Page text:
Tom Waits Week: Good Times

Last week, I did the first post of a series called “Regrets.” For anyone who thought that was a one-off, I hate to disappoint you. I have very many more moments in my life that will fall into that category. But, for all of the times music reminds me of the bad times and the mistakes in my life, there are times were music reminds me of good moments and triumphs. So, conveniently, this week I bring to you the first in a series of posts about good times, titled with the rather uninspired “Good Times.”

This post comes due to two Tom Waits albums: Alice and Mule Variations. Funny enough, these are not particularly happy sounding albums. But bear with me, it’s story time again.

As we age, it becomes painfully obvious that we cannot spend all the time with close friends that we want to. We all have lives and jobs and families and responsibilities that pull us in multiple directions. I think this might be one of the reasons people have children, to have someone new that is forced to hang out with them when they see their time with good friends diminishing. But one thing I’ve realized is that time with friends, good friends, is plentiful in quality even if quantity diminishes. My friends Cameron and Julia are such friends. I only get to see them two or three times a year, as opposed to friends that I see almost weekly. But every time we get together is special and good. Maybe that’s because of the huge gaps between visits, but maybe it’s just a sign of the strength of our relationship.

This story happens during a weekend in the summer of 2004. Cameron and Julia, who live a couple of hours away, were coming in to town for a visit. Cameron and my wife Heather had become friends in college. They shared common interests, art majors and band geeks both of them. Cameron had a girlfriend named Becca around that time. There’s a really great story of how that all ended, involving a lost April and a lot of drama. But that is a story for another time. After the “Becca Saga” ended, Cameron did some random dating (we still remember that uninteresting girl with the corn rows), but eventually found Julia. My wife and I liked her instantly. But since they lived a bit of distance away, we didn’t see them very often. So visits were frequently multi-day affairs where Cameron and Julia slept on an air mattress in our guest room.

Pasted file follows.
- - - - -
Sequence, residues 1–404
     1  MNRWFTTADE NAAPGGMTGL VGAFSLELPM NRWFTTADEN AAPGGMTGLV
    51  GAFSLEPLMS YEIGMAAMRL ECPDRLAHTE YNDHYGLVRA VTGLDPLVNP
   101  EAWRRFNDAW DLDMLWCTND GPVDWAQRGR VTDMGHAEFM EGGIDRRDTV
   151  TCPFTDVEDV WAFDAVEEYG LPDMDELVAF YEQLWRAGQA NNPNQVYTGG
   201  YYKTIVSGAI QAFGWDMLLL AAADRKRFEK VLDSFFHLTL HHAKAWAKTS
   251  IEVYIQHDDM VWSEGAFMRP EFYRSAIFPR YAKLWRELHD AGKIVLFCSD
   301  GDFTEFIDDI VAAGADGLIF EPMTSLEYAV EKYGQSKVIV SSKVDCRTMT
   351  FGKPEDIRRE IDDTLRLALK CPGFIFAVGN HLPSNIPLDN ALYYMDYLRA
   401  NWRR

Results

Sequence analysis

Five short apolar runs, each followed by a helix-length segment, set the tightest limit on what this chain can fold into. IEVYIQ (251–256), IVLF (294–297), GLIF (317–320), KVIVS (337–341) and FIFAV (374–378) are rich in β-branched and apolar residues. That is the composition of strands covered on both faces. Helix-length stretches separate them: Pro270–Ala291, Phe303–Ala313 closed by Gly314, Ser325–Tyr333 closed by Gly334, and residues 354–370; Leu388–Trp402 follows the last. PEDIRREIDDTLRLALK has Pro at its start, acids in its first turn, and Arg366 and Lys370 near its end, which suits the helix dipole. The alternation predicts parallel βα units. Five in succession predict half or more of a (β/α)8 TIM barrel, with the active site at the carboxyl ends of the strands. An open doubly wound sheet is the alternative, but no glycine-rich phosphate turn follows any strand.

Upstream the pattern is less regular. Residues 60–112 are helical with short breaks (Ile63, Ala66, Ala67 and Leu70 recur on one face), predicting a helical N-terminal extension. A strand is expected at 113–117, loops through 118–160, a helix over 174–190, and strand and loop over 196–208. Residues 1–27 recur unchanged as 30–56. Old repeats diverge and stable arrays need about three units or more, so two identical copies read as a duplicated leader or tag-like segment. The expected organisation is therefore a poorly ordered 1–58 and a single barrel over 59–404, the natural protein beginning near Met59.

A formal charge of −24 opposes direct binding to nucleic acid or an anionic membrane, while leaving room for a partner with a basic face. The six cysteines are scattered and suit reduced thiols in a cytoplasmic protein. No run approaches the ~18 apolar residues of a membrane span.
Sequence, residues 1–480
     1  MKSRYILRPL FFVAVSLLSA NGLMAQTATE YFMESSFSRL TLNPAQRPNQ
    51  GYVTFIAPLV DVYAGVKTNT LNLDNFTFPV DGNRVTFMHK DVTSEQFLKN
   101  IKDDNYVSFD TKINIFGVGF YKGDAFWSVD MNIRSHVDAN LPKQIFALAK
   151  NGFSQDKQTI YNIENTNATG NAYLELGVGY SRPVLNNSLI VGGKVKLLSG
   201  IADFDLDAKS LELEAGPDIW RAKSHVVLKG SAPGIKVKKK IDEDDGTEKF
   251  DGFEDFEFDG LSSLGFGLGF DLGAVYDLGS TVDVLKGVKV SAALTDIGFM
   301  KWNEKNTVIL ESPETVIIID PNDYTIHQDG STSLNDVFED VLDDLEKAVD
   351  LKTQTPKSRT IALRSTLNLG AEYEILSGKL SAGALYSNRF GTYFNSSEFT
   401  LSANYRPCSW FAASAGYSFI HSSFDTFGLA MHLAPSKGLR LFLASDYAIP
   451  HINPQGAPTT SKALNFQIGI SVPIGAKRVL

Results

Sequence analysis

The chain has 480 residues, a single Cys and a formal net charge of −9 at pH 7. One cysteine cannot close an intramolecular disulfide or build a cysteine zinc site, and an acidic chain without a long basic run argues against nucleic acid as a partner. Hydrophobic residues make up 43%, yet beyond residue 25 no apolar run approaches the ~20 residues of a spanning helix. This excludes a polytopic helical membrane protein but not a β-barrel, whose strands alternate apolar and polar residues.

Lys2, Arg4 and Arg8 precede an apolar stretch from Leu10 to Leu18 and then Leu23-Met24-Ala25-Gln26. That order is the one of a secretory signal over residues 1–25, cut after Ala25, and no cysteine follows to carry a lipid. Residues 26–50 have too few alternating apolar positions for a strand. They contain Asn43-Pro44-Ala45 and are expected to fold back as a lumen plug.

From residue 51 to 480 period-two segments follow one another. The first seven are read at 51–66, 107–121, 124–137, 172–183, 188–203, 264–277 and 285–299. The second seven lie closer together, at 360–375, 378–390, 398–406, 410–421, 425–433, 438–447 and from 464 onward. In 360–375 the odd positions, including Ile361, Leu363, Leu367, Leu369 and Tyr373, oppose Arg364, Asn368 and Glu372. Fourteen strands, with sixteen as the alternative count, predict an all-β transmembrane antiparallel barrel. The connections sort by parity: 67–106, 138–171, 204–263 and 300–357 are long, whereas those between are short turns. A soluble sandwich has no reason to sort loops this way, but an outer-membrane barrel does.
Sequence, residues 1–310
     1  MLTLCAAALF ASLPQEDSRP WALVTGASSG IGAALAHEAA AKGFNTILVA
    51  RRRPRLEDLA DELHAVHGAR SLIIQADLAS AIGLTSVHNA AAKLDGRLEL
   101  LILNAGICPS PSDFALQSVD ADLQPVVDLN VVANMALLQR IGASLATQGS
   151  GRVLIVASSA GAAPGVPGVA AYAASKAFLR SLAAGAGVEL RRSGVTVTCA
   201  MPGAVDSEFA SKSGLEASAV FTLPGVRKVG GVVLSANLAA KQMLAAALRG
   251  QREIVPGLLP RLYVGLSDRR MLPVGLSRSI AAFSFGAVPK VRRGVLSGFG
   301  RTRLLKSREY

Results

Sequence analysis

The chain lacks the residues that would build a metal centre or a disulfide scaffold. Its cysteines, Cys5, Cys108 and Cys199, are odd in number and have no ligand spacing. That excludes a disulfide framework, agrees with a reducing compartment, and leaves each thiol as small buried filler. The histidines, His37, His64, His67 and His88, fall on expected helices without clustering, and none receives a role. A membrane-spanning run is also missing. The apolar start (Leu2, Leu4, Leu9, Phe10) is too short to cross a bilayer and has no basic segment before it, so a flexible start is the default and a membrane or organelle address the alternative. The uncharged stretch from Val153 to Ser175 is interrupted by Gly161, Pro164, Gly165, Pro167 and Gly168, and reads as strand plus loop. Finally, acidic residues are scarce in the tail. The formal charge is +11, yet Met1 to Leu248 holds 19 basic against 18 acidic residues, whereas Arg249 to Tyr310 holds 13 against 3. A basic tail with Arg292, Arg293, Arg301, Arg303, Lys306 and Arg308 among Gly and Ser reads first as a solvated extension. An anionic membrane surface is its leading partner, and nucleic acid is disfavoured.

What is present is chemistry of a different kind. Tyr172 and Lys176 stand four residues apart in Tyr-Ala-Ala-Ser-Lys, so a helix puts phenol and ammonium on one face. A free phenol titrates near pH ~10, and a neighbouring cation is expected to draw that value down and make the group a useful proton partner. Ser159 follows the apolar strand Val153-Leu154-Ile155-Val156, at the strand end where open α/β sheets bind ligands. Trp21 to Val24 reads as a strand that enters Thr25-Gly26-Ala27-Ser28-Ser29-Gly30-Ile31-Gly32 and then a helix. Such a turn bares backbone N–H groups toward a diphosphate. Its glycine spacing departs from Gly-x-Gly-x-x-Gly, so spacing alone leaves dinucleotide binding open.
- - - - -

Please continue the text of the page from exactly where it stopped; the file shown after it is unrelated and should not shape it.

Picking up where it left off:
Now, a big part of any time Cameron and Julia came to visit was to show them how cool our city was. This was not so much an attempt at bragging as it was an attempt to get them to move here. On this weekend, we decided to take them to the newly opened hookah lounge here called Shisha. We had been there a couple of times, and wanted to take them. Part of that was absolutely a “look what kind of cool stuff we have here, you should move here.” Part of it was that it was a pretty cool place just to relax and chill and have a good conversation. And that’s mostly what their visits were about. We didn’t go out clubbing or to some loud bar, mostly we sat around rehashing old stories and telling a couple of new ones. So a quiet, chill atmosphere was a good selection.